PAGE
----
Three fungi pathogens including; A. flavus, A. niger and A. paristicus were associated with production of aflatoxins in the dry okra and tomatoesamples. This result lends support to the findings of Atehnenkeng. et al. [22], Segun, et al. [17] and Hell, et al. [12] that A. flavus and A. Parasiticus are major aflatoxins producing fungi which contamination many food commodities

The percentage occurence of A. flavus was highest in okra samples while that of A. parasticus was  highest in tomatoe samples. This difference in the occurence of the fungi pathogens in the food products has been attributed to differences in nutrient conditions and differences in biaactive compounds in the plants [20].

Finally, the result of the study also indicated the percentage occurence of aflatoxin producing fungi to differer between markets.Thus, might be due to the market sanitation and handling by the sellers. Okigbo, et al. [21] has also emphasised that factors such as harvesting method, handling, processing, storage and even climate can influence the presence and abundance of aflatoxins producing fungi in food products.

Conclusions and recommendation

Hazard analysis critical control point (HACCP) should be adopted at every point during food processing chain to help reduce fungi infection and subsequent aflatoxin contamination of food commodities.

Government should also enforce enlightenment programs to educate the citizens about food safety. Also, Mycotoxin regulations should be adopted in our country to help regulate the level of mycotoxin in locally consumed food to ensure food security which is basic for good health and better economy. There is also a need for further research on how best to prevent and control these toxins.

References

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Editorial Information

Editor-in-Chief

Renee Dufault
Food Ingredient and Health Research Institute

Article Type

Research Article

Publication history

Received date: November 26, 2017 Accepted date: December 28, 2017 Published date: January 02, 2018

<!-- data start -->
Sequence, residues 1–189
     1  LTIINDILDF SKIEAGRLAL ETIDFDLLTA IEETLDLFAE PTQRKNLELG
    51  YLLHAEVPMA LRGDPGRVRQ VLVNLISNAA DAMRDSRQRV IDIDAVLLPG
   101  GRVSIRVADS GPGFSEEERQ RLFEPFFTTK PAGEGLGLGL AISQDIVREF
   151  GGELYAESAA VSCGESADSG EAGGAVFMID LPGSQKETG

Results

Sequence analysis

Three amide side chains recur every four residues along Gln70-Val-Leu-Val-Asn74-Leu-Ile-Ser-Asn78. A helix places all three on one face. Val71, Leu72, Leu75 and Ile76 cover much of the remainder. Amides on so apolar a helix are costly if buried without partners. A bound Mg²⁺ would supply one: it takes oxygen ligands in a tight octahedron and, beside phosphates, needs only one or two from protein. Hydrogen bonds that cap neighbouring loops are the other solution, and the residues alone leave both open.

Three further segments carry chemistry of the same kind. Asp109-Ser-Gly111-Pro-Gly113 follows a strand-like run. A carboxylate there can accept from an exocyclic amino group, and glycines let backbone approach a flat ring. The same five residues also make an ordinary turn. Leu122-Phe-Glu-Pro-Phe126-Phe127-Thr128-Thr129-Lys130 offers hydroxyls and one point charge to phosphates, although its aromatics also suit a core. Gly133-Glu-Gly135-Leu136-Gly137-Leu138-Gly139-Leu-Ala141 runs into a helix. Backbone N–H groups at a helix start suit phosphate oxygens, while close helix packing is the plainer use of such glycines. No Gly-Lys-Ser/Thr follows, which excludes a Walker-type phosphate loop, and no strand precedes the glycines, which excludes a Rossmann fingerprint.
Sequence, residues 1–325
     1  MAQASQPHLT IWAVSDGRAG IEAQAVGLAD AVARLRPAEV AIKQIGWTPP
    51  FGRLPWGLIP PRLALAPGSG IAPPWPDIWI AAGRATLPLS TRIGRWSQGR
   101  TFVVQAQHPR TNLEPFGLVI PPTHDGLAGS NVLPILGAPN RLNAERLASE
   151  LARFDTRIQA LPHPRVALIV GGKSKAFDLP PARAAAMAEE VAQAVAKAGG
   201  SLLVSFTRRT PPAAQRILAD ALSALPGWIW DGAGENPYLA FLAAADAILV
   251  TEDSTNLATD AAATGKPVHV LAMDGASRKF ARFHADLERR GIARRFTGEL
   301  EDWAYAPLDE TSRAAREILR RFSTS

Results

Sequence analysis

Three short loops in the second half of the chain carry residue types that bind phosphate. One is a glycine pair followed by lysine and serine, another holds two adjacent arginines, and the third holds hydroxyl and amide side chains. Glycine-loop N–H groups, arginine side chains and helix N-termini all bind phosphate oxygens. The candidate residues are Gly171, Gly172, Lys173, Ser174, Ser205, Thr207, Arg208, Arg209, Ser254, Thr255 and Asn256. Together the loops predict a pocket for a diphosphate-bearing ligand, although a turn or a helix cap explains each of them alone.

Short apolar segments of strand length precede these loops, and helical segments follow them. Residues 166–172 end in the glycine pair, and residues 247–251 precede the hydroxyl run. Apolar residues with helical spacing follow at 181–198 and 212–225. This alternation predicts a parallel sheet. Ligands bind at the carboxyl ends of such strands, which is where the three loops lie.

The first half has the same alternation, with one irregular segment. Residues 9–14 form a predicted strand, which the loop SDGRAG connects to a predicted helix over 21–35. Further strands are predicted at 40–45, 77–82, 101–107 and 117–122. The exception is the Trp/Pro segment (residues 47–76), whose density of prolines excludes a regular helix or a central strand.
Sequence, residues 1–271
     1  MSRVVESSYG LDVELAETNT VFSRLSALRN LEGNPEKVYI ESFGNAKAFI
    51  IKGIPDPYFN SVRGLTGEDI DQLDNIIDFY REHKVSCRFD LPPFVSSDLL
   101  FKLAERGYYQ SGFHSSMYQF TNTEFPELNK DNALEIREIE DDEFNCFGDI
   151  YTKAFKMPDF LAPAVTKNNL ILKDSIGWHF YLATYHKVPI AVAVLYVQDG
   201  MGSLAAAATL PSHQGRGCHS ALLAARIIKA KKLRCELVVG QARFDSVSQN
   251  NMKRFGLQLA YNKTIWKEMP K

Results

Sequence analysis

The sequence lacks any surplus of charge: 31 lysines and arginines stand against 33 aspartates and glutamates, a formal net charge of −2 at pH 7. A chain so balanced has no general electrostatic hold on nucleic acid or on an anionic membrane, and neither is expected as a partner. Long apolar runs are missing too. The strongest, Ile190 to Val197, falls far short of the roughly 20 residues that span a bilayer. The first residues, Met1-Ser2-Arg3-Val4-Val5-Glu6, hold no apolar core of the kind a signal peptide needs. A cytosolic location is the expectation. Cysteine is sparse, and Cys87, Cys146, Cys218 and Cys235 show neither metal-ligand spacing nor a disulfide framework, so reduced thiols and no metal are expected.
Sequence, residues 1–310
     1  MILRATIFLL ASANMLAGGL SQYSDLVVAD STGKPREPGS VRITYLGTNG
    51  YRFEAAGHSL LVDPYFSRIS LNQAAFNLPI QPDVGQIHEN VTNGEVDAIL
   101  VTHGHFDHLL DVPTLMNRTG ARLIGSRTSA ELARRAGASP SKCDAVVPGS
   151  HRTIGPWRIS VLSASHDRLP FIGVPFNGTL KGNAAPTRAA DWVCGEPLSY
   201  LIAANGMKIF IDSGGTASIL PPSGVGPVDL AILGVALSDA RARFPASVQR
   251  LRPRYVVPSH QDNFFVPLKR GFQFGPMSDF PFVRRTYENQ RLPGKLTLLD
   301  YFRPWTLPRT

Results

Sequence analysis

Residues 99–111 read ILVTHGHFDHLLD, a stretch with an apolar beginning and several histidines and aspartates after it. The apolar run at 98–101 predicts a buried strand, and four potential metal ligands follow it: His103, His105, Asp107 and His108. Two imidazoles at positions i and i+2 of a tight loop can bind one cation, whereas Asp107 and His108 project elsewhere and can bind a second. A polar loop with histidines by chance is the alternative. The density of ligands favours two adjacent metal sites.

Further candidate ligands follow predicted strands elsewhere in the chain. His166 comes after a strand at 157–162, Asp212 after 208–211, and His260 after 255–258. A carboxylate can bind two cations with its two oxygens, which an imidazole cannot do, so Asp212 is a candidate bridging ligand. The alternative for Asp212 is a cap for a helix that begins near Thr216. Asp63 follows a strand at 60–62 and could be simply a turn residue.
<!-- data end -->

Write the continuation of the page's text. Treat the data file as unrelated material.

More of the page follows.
Copyright

©2017 Okigbo RN. This is an open-access article distributed under the terms of the Creative Commons Attribution License, which permits unrestricted use, distribution, and reproduction in any medium, provided the original author and source are credited.

Citation

Okigbo RN (2017) Prevalence of aflatoxin in dried okra (Abelmoschus esculentus) and tomatoes (Lycoperisicon esculentum) commercialized in Ibadan metropolis. Integr Food Nutr Metab 4: doi: 10.15761/IFNM.1000206

Corresponding author

Okigbo RN

Botany Department, Nnamdi Azikiwe University Awka, P.M.B 5025, Awka Anambra State, Nigeria, Tel: 2348052239358

Table 1. Percentage occurence of fungal isolates in dried okra sampled from four markets in Ibadan

Aflatoxin producing fungi

Markets (% Occurence)

Bordija

Oje

Oritamerin

Shasha

Total

A. flavus

100

100

80

100

95

A. niger

40

40

60

60

50

A. parasiticus

60

80

60

80

70

2=18.666, p=0.045

Table 2. Percentage occurence of fungal isolates in dried tomato sampled from four markets in Ibadan

Aflotoxin producing fungi

Markets (% Occurence)

Bordija

Oje

Oritameri

Shasha

Total

A. flavus

20

80

40

20

40

A. niger

20

20

40

20

25

A. parasiticus

20

20

60

60

45

2=111.67, p=0.000

Figure 1. Aflatoxin content (ppb) in dried okra sampled from four markets in Ibandan

BOD: Bordija Market; OJE: Oje Market; OR: Oritamerin Market; SHA: Shasha Market

Figure 2. Aflatoxin content (ppb) in dried tomato sampled from four markets in Ibandan

BOD: Bordija Market; OJE: Oje Market; OR: Oritamerin Market; SHA: Shasha Market